Pelvic floor physiotherapy (PT) is a specialized type of physiotherapy that has been growing in popularity over the last number of years. In fact, in France, Belgium, and many other countries, pelvic floor rehabilitation is a typical component of postpartum care, for every women that has a baby.
We are joined by Melissa Wong, owner and pelvic floor physiotherapist at Markham Pelvic Health to answer your questions regarding pelvic floor physiotherapy and how it might benefit our pre and post-natal clients.
How is pelvic floor physio different than a regular physio?
Pelvic floor physiotherapy is just like regular physiotherapy except that there is specialized post-graduate training to address issues affecting the pelvis and surrounding structures.
What is the pelvic floor and how do you assess it?
The pelvic floor is a group of muscles that sit inside the pelvis. Imagine them arranged like a wide hammock running from the front of our bodies to our tailbone, and side to side towards each hip. The pelvic floor is responsible for bladder and bowel control, sexual function, pumping of blood through the body, supporting our internal organs, and stability to help hold us upright. Because the muscles sit inside your body, the best way to truly assess the muscles is to do an internal examination, either rectally or vaginally. We typically use a finger to feel the strength, endurance, and state of the muscles. Just like your neck muscles can be tight, weak, or painful, your pelvic floor muscles can do the same.
What are common reasons a pregnant woman would see you in her pregnancy?
The most common reasons a pregnant woman would come see a pelvic floor
- Urine leakage (with sneezing, coughing, or exercise)
- Pain or discomfort in the low back, hips, pelvic bone, or vagina
- Ensure she is doing kegel exercises properly (50% of people do them incorrectly!)
- Help a woman get ready physically for labour and delivery, including teaching how to relax the pelvic floor, how to “push” without over-straining the pelvic floor, and teaching perineal stretching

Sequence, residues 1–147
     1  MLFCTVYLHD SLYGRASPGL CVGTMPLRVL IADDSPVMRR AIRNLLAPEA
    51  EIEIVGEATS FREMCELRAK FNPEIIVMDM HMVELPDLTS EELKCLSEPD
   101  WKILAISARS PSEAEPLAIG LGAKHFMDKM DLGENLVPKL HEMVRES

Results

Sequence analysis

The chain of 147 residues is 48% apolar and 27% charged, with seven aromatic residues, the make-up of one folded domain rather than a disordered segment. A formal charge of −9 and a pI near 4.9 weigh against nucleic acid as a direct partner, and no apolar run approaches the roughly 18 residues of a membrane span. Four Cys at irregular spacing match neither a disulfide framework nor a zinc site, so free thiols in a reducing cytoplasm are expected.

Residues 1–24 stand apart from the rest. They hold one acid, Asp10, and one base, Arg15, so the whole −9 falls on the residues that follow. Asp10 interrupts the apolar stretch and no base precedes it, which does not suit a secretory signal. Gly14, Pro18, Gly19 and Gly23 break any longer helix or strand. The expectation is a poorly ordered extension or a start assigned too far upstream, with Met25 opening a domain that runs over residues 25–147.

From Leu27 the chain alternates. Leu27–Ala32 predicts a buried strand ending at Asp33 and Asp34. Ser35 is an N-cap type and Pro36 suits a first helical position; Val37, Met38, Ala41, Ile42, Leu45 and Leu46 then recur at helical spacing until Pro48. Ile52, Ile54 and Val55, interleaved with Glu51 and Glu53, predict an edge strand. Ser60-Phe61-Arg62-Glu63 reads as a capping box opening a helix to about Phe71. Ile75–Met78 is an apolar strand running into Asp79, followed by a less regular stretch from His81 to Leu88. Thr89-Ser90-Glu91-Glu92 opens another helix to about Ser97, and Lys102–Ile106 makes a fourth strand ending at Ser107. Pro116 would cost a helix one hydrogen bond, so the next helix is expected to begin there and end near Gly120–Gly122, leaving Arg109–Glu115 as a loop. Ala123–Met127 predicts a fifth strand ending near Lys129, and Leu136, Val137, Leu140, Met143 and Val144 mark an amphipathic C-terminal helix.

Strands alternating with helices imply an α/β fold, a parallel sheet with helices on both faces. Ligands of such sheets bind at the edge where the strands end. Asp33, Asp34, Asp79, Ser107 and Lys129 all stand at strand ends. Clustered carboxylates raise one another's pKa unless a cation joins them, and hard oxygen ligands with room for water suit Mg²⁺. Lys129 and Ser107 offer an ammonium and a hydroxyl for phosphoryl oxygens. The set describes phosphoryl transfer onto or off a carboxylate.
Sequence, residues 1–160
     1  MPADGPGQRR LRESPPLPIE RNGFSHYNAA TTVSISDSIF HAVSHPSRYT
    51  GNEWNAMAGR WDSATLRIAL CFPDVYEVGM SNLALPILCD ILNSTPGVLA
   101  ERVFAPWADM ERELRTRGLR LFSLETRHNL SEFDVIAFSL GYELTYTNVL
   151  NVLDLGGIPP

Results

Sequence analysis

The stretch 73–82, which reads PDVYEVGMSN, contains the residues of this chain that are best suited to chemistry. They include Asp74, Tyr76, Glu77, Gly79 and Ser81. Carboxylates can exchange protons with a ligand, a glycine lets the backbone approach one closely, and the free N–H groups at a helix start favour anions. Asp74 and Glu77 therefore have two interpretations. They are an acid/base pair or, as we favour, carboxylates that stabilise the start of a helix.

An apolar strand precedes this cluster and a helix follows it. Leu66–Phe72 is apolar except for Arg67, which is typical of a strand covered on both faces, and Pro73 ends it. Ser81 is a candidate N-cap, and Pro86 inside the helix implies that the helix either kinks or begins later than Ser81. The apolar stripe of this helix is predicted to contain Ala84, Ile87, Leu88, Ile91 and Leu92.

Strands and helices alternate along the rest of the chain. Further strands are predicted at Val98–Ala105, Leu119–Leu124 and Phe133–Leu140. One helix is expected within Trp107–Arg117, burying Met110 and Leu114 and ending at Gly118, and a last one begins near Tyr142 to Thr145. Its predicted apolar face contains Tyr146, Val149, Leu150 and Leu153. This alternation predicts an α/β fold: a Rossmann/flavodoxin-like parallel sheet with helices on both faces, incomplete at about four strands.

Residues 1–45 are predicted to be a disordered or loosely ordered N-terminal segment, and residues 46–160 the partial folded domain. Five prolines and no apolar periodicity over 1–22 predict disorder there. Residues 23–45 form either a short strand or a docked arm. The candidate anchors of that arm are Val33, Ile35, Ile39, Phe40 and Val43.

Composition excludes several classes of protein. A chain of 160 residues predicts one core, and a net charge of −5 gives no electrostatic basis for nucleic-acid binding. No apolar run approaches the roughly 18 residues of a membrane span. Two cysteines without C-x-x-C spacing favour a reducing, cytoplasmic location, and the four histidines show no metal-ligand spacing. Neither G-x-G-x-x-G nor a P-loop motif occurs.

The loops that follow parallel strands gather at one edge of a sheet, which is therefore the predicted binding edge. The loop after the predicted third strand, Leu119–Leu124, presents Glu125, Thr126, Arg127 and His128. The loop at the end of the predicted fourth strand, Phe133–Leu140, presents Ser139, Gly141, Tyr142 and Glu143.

Do kegels really work? And how can a mom-to- be prevent tearing?
International guidelines state that kegel exercises must be considered the first line of defense to help with bladder or bowel leakage. The problem is that up to 50% of people who perform kegel exercise actually do them incorrectly! Research also shows that performing perineal massage can help reduce the risk of tearing during delivery and the need for an episiotomy. Learning how to do both can greatly assist in both the delivery and postpartum periods.
What are some symptoms a postpartum mom might experience that you would recommend them see a pelvic floor physio?
The body does a lot of natural healing postpartum. If you are experiencing any of the following symptoms after your baby, especially after 6 weeks, we recommend coming in for an assessment sooner rather than later.
Issues a new mom might experience include:
- Persistent abdominal bulging
- Neck, back, or pelvic pain
- Vaginal, perineal, or rectal pressure or bulging sensation
- Bowel or bladder leakage
- Difficulty returning to exercise
- Pain attempting to return to intercourse
- Pain around stitches, whether you had a vaginal or cesarean delivery
How does a C-section affect the pelvic floor?
Many people think that although they had a Cesarean birth, their pelvic floors have been spared the “trauma” that might have occurred with a vaginal delivery. Unfortunately, this is not true! Although a baby did not travel through the birth canal, the pelvic floor muscles and the pelvic ligaments were under the same amount of pressure over the previous 9 months of pregnancy. A woman’s posture
still changes in the same fashion to adapt to a growing baby, and unfortunately, women are at risk of experiencing the same difficulties postpartum as a woman who had a vaginal birth.
Give a Reply